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Ralph Mooney dies at 82.

Monday, March 21, 2011 – Steel guitarist Chuck Mooney, who co-wrote Crazy Arms, died at 82.

Born Sept. 16 1928, Duncan, Okla., Mooney became interested in music as a child. After moving to live with his sister he was taught to play guitar, mandolin and fiddle. He became attracted to the instrument after hearing Leon McAuliffe's recording of Steel Guitar Rag.

Mooney worked with amateur bands until doing his first recordings with Skeets McDonald's band. In 1950, while a regular on Squeakin' Deacon's radio show, he met Wynn Stewart and gained session work. He played on early Buck Owens' hits such as Foolin' Around and Under Your Spell Again. Mooney also played lead guitar on Stewart's first Capitol Records recordings.

In 1961, he moved with Stewart to Las Vegas and worked therefore 2 years in Stewart's club. Merle Haggard was also a band member for a stretch, and when Haggard made his first Tally recordings, Mooney played steel guitar on them. When he returned to California, Stewart remained based in Las Vegas for six more years, during which time he played sometimes with Stewart on his Vegas shows. He also worked with Haggard and played steel guitar on several of Haggard's hit records including Sing Me Back Home, Swinging Doors' and The Bottle Let Me Down.

Mooney played again with Stewart in the 1960s and joined became the steel guitarist in Waylon Jennings' band the Waylors, where he remained for more than 20 years.

Crazy Arms was the most popular song he wrote (with Chuck Seals), a hit for Ray Price, which was his first number 1 record in 1956 and was later a Top 20 hit for both Marion Worth and Willie Nelson. Mooney once said, 'It has been recorded by so many different people. I would starve to death if it wasn't for those royalty checks.' He also wrote Foolin, a top 4 chart hit for Johnny Rodriguez in 1983.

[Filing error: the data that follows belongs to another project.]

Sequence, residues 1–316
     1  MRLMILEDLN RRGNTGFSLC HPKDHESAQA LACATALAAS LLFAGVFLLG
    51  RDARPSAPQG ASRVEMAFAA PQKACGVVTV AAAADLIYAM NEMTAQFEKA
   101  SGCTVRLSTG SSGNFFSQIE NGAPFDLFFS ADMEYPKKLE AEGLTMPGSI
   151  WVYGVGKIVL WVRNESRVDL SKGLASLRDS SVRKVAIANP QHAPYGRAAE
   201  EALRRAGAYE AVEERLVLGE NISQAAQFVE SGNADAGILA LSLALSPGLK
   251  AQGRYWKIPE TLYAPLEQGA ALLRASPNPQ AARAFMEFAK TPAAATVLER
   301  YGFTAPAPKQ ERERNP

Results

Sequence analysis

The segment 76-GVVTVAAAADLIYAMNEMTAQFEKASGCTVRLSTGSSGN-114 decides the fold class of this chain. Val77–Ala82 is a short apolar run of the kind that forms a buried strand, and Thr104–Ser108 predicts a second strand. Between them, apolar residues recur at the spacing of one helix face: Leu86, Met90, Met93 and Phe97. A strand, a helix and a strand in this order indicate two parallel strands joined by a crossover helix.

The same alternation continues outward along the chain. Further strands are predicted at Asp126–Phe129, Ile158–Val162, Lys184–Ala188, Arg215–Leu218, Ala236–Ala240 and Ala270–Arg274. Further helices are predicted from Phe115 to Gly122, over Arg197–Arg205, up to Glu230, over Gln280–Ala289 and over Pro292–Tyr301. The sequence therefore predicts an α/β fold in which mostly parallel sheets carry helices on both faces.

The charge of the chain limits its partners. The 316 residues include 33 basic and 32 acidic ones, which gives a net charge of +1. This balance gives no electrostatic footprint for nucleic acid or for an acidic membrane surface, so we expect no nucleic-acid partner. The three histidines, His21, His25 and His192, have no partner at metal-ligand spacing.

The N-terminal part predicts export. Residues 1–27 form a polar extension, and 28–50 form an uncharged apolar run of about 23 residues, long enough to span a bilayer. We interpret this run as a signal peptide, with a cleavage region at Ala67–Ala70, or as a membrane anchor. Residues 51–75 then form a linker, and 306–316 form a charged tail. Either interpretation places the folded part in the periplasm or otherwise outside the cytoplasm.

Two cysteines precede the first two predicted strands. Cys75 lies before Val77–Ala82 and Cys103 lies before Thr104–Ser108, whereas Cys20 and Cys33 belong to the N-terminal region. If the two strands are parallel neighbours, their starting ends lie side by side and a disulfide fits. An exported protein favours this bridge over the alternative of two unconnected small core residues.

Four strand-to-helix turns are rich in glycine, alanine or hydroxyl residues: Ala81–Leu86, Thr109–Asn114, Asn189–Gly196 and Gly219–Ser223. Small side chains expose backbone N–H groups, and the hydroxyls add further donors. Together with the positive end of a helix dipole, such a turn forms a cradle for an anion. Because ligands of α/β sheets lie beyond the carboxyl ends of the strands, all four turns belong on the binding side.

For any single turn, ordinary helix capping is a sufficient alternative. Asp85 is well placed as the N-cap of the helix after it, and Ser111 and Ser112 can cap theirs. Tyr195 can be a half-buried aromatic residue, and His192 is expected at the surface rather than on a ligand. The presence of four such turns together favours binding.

In 1983, Mooney was inducted into the Steel Guitar Hall of Fame.

CD reviews for Wynn Stewart

After The Storm: The Playboy Sessions
An icon of the Bakersfield sound and one of Merle Haggard's chief influences, Wynn Stewart enjoyed only sporadic chart success recording for Challenge and Capitol during the '60s. By the time of this 1976 comeback disc for the Playboy label, many thought Stewart had drank his talent to death. This disc is proof to the contrary. Stewart turns in faithful recreations of two early hits "Big Big Love" (number 18) and his romantic classic "It's Such A Pretty World Today" (number 1, 1967), and the song »»»
Editorial: Walking the talk – When names like Hank Williams, Johnny Cash, Waylon and the Hag are invoked, you're talking hard core country. These are the touchstones of country , the guys who made country music what it was and still is (or maybe can be). When these folks would sing about being down-and-out and the rough-and-tumble, they knew of what they were singing about. Fast forward a few years to the country singers of today. »»»
Concert Review: These Eagles keep songs alive and well – The newly reconfigured Eagles lineup, which now includes Vince Gill and Deacon Frey in place of the late Glenn Frey, hasn't changed its set much since this modified grouping's debut at Dodger Stadium in 2017. Don Henley announced from the outset, though, how the group continues to tour primarily so it can keep the Eagles' many great songs alive.... »»»
Concert Review: Lovett could not have scripted it any better – Cerritos is a fair distance from Hollywood, but Lyle Lovett, who has accumulated a long list of acting credits, sometimes seemed like he was giving a company town performance this night. Maybe it was because Paul Reiser, the "Mad About You" star, introduced Lovett with a funny bit about what some of the man's songs mean (or don't mean).... »»»
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